1 year post op - second ATR

It’s been a long journey demanding more patience than I though I had… I ruptured my right achilles for the first time in April 2008, then reruptured one year ago. To all of you I will say - keep up your mood and have patience - it gets better but it sure may take a long time! I’ve had recurring pain at the point of insertion of the achilles into the heel bone since I underwent surgery, although the rupture was 4-5 cm above. During this summer - especially the last 3-4 weeks - progress has been remarkable and the pain now is almost gone. I am not really sure what has happened.
I have taken small steps and listened to my body, which I did not do after the first operation. I had an acute back pain 1 1/2 month ago and consulted a chiropractor. He examined my ankle and said it was a stiffness there that put strain on the achilles tendon. He meant that the back pain was a result of this. Since then I’ve had four treatment sessions. The back pain is gone and the achilles feels a lot better - life begins to smile again!!!! Good luck to all of you!

Best wishes from Raoul

6 Responses to “1 year post op - second ATR”

  1. Good on you Raoul!

    How did you do your second ATR 4 months after the first? Usually the tendon is pretty strong by then?

    Tommo

  2. Hi Tommo!
    I’ve been a runner and before my first surgery I had achilles tendonitis for 5 years. I tried almost everything to get rid of it - RICE, lowering of training intensity/ freqency, alternative activities like biking and swimming, eccentric calf muscle exercises, laser treatment, ESWT (shockwave treatment) and - here’s the point - cortisone injections. What I believe is that the cortisone weakened the tendon even more than the tendonitis itself - in fact, the surgeon that did the first operation told me that the tendon looked almost like spaghetti. I will never ever have cortisone again!

    Best wishes from Raoul

  3. Hello Raoul,

    I too had a cortisone injection in an effort to rid myself of tendinitis - 3 months later full rupture !!. A physio friend of mine went bananas when he heard what I’d done, his view was that giving the injection was bordering on malpractice !

    However rupturing does seem to have cured the tendinitis (rather an extreme cure I know)
    Also the surgeon made a comment that he could, if I had been referred earlier, operated on me prior to the rupture to cure the inflammation. This would have meant a shorter recovery time and an intact ATR.

    It amazes me that the medical authorities know the dangers of cortisone but continue to use it. The danger comes when it’s put into weight bearing tendons - underlining the stories one hears about cortisone working very effectively on shoulders,elbows and wrists.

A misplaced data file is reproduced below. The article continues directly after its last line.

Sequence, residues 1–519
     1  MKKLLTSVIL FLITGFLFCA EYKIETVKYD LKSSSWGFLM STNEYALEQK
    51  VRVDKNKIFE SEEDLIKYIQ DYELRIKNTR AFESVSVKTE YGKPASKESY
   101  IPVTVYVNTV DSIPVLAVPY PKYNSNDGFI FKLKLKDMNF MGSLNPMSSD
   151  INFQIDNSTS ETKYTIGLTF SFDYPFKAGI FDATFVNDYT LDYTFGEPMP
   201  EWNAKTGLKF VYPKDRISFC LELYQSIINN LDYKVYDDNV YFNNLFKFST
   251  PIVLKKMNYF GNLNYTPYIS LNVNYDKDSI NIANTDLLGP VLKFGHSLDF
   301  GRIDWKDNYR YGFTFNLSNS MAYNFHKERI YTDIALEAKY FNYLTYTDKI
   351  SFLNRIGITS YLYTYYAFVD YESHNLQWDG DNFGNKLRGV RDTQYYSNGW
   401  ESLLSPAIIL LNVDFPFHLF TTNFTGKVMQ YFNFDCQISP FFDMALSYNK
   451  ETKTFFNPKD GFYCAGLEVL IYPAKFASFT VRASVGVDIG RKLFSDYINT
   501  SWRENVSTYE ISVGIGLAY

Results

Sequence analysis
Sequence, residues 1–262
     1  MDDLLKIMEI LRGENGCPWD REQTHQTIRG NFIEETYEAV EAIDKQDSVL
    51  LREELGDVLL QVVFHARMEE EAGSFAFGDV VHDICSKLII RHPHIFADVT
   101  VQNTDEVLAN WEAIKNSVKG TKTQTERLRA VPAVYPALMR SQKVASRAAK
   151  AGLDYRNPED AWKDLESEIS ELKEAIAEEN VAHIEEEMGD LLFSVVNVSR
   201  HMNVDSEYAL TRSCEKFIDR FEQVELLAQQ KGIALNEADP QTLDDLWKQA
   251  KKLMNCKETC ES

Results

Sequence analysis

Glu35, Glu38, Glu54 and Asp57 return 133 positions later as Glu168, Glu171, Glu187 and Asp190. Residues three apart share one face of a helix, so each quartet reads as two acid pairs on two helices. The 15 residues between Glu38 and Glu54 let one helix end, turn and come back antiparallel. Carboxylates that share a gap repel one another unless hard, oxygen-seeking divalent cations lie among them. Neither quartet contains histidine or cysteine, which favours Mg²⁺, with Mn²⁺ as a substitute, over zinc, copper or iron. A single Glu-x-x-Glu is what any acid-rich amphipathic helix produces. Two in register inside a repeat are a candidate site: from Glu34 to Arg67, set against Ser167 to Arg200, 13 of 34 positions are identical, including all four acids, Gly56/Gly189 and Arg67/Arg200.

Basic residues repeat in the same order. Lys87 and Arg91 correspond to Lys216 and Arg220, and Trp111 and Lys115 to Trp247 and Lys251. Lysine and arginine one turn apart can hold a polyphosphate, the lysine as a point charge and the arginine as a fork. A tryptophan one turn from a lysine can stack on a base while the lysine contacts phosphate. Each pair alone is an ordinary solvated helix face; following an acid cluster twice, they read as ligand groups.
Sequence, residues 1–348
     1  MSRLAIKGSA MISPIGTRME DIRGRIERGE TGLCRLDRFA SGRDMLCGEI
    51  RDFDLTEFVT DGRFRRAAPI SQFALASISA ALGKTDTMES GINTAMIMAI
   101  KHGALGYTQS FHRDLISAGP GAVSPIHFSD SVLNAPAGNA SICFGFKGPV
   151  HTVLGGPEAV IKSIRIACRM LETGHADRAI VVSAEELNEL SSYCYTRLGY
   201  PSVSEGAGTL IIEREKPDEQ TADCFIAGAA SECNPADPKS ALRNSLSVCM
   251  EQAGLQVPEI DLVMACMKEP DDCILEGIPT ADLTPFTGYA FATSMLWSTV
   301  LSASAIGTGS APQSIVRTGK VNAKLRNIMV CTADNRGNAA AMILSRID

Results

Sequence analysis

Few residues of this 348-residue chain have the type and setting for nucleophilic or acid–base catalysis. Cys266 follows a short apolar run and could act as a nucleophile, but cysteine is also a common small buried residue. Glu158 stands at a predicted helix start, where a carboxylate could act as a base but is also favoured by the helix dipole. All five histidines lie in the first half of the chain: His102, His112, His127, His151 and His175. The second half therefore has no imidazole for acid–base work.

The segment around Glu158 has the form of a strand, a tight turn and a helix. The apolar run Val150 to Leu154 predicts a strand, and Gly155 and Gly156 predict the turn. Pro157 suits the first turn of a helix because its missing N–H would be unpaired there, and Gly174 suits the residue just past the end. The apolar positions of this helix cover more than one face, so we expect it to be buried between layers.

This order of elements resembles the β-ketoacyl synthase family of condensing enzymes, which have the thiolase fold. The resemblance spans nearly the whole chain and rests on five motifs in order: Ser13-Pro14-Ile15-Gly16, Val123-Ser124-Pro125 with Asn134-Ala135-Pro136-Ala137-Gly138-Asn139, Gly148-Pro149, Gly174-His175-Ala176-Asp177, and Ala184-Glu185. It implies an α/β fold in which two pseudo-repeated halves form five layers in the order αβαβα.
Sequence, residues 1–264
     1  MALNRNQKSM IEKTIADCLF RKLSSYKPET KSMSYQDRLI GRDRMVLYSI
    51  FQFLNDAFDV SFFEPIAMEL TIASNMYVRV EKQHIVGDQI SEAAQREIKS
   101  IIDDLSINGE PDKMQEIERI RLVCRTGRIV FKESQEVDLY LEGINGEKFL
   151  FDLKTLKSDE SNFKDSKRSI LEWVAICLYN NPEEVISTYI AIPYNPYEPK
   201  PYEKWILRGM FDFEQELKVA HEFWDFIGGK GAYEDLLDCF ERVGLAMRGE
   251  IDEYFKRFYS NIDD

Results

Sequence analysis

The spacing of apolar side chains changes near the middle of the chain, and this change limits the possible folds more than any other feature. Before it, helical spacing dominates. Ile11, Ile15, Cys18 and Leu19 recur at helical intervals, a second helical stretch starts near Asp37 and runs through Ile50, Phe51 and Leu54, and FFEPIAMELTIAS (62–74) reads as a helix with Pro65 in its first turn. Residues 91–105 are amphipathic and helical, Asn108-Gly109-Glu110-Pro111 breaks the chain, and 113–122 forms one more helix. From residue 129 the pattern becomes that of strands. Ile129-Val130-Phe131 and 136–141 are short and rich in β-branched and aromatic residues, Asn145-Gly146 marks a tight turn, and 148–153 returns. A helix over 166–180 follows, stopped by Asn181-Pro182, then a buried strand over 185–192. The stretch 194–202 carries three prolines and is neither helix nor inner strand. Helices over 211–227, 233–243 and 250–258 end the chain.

All the best
    Richard

  4. Hello Richard!
    Sorry to hear that you ruptured your tendon due to the cortisone injection you were given. The only good about it seems to be that surgery cured your tendinitis, although it must have been a long and frustrating way of healing. Doctors and physiotherapists that I have talked with have been as critical to cortisone treatment as your friend, and information on the internet also says that this is a risky treatment for achilles tendon injuries.

    Best wishes
    Raoul

  5. Raoul,

    If you are full standing on the tips of your toes without shoes and just leaning for support, do you feel any dimpling or some other squeezing sensation at the tendon point of rupture/suture? Does it feel like a hard knot now or in the past few months?

    I have this sensation currently and am not sure what to make of it. I have talked to the orthopedist. I am afraid it is the (tight) suturing that has created a knot-like sensation. I look forward to your feedback.

    Robert

  6. Hi Robert!

    Usually I feel no pain or discomfort standing on the tips of my toes except from after exercising. I certainly can feel a knot like you describe at the point of rupture though. When I touch and massage the tendon after exercise I feel sore at this point of the tendon. Earlier in the recovery process I often experienced stiffness and tightness, but ROM exercices and massage of the tendon has really helped. Now I experience tightness only when I take the first steps in the morning and sometimes after exercise. As I understand it’s normal that the tendon becomes thicker and anatomically different after rupture and surgery. As long as this doesn’t affect function or lead to discomfort or pain I wouldn’t worry so much about it.

    Good luck
    Raoul

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